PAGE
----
Most Recent Articles In Fashion Features
Latest Fashion Features Articles
- Bridget Foley’s Diary: CFDA, NYFW and the B-word
- Looking Back: Karlie Kloss’s First Runway Show
- Model Call: Kira Conley
More Articles By
NEW YORK — Department stores are revamping their moderate-priced merchandise offerings, in what should be a pivotal season for the depressed category.
It’s not quite an upheaval, nor are department stores ready yet to give the heave-ho to many of the traditional brands they’ve sold for decades. But they’ve become increasingly disillusioned by what manufacturers have been offering and are starved for top-line growth.
So they’re reducing inventory on brands that aren’t performing and building up private labels to take up the slack, while squeezing a few newer and smaller promising brands onto crowded selling floors, and emphasizing casual styles.
The moderate sector, the heart of which lies in the $20 to $30 range for sportswear and sweaters, and in the $40 range for career pieces, has suffered from a lack of style and innovation, and sell at thin margins. Only men’s wear and dresses have fared worse in recent seasons, according to department store executives.
Even without much fashion glitter as of late, the moderate sector remains the major component of apparel offerings at such traditional stores as Dillard’s, Belk’s, J.C. Penney Co., Sears, and divisions of Federated Department Stores, including Macy’s East and West, Bon Marché, Rich’s and Burdine’s, and May Department Stores Co.’s Hecht’s, Filene’s, Famous Barr, Foley’s and Robinson’s-May units.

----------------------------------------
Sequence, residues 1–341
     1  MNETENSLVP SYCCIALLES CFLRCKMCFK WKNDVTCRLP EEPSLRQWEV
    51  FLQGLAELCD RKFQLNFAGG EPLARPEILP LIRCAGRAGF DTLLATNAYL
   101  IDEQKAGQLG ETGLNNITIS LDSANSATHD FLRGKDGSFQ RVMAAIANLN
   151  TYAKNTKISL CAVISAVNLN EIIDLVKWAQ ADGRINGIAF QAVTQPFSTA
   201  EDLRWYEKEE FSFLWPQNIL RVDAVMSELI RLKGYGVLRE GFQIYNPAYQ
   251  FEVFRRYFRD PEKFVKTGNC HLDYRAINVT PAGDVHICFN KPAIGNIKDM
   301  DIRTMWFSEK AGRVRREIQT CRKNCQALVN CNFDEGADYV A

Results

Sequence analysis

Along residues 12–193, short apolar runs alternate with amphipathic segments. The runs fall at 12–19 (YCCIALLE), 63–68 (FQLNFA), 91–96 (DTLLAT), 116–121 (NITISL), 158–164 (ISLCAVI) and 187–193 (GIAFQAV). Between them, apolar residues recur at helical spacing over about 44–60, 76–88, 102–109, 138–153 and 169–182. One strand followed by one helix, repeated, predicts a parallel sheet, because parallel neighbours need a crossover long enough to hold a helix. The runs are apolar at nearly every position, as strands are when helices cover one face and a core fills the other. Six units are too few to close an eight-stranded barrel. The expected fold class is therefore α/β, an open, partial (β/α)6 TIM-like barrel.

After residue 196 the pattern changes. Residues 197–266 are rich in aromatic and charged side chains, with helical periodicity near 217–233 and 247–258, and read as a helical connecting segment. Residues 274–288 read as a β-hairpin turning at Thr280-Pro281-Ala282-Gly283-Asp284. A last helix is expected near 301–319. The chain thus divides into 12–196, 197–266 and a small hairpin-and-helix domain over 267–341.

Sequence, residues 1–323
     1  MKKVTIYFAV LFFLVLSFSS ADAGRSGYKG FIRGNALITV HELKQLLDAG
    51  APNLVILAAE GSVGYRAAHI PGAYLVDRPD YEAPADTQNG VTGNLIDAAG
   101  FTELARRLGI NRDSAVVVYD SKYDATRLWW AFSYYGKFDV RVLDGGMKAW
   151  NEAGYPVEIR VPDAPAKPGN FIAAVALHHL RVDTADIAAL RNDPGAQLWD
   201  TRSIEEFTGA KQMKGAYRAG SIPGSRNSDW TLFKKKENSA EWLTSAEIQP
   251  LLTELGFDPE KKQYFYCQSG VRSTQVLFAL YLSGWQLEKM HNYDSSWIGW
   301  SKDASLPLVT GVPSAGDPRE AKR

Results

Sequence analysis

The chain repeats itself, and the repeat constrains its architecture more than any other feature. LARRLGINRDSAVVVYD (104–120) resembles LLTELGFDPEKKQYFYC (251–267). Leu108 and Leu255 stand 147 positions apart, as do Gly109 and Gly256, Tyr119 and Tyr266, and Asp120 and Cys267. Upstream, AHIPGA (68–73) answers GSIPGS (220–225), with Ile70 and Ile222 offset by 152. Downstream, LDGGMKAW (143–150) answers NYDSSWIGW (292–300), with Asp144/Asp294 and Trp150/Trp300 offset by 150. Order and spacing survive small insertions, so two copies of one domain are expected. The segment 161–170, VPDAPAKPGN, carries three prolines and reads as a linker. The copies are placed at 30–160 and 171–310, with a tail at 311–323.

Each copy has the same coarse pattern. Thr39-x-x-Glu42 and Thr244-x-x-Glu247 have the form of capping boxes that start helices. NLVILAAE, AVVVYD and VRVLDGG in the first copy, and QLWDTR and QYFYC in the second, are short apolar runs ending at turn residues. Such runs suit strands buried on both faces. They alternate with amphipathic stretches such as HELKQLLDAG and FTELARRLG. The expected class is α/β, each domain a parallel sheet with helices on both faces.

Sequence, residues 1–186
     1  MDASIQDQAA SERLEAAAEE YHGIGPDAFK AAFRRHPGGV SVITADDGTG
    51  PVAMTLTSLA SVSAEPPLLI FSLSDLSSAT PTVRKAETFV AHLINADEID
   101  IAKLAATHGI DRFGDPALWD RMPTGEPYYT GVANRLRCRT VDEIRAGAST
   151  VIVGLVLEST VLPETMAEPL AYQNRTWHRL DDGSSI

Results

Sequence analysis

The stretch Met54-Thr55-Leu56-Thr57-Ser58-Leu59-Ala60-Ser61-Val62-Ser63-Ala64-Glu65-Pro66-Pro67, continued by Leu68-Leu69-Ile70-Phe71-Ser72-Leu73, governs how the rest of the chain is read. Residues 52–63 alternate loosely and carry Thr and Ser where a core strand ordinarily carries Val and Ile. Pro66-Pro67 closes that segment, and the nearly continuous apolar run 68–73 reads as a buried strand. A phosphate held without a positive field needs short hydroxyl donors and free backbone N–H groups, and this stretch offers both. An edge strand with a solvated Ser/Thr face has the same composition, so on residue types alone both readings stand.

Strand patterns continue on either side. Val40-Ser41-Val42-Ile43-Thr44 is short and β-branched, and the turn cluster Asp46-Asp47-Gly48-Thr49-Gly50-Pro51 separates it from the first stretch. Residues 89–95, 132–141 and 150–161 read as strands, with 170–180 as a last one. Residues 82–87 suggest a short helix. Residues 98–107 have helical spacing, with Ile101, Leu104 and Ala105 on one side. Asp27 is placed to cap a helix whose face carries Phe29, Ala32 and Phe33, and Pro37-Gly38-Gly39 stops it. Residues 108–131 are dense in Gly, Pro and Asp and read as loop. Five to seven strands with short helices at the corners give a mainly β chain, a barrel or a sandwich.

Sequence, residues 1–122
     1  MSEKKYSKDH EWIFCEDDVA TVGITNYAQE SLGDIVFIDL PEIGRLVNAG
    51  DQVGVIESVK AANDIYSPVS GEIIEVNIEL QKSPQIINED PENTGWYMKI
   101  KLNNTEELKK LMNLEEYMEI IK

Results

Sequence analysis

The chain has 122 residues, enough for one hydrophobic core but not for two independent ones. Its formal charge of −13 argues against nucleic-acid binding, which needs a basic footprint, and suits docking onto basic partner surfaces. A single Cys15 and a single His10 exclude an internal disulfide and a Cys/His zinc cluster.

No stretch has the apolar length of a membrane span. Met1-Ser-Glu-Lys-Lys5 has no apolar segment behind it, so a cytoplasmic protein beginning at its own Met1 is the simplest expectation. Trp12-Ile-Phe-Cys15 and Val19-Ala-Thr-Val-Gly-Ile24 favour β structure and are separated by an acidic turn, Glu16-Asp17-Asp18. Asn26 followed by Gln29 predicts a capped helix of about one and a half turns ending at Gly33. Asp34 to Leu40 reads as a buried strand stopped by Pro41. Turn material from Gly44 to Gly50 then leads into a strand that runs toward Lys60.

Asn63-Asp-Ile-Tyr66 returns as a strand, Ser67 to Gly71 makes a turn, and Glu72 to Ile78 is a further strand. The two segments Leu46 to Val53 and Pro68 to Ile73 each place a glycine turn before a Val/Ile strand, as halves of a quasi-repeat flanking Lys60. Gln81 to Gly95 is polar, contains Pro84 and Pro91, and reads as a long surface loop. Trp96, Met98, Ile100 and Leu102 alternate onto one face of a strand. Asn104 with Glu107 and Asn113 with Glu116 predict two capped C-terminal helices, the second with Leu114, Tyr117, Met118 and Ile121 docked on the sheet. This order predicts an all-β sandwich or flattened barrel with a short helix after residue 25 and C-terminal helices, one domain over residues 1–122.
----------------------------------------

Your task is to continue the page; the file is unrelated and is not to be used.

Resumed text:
The success behind Kohl’s, a non-traditional department store, rests in savvy and aggressive promotion of major moderate-priced brands such as Union Bay, LEI, Mudd and Levi’s.
Perhaps more than any other major department store chain, May Co. is a headquarters for moderate merchandise and knows what the moderate customer wants.
“They’re clamoring for more style,” said William P. McNamara, vice chairman of May Co. “Moderate is not synonymous with basic. There is a great thirst for innovation and newness in the moderate business. There is definitely not enough of that.”
McNamara pointed out that last spring there were some successes, including cropped pants, skirts, stretch fabrics and feminine touches in tops, such as ruffles.
However, in terms of sales increases, he said moderate “has trended behind our better and designer businesses.” Though sluggish, the moderate sector is no less significant.
This story first appeared in the August 21, 2002 issue of WWD. Subscribe Today.
“It certainly has not been overplayed,” McNamara said. “We are disappointed in the moderate results, but the moderate business is very, very important to May Co., as we see customers become more value-conscious across the retail landscape. Competing effectively at the moderate price has been, and always will be, an important business to us.
“We think the way for us to compete is to trade across a broad range of customers. It will stabilize. Our objective is for the moderate business to continue to grow at the same rate of the total sportswear business. Total growth has been in the low-single digits for this year.”
At Federated’s Macy’s East division, “The problem is that the market has not been providing updated dressing and key silhouettes in the moderate zone,” said Bob Jezowski, executive vice president and general merchandise manager. “Some of the old, traditional vendors have not performed as well, so private label has been a good avenue to execute our trend strategy.”
According to Tactical Retail Solutions, a research and consulting firm, moderate sportswear represents about 9 to 10 percent of a typical department store’s business, with moderate-priced petites accounting for an additional 2 percent, moderate-priced large sizes accounting for another 2 percent, and moderate dresses, approximately 1 percent. Moderate sportswear is about 60 percent of total sportswear, and has been selling at a rate of about $200 per square foot, whereas the average department store has total sales per square foot of about $220.
“It’s an important business that’s been trending soft, though it turns moderately well, roughly 3 1/2 to 4 times a year,” said Isaac Lagnado, president of Tactical Retail Solutions.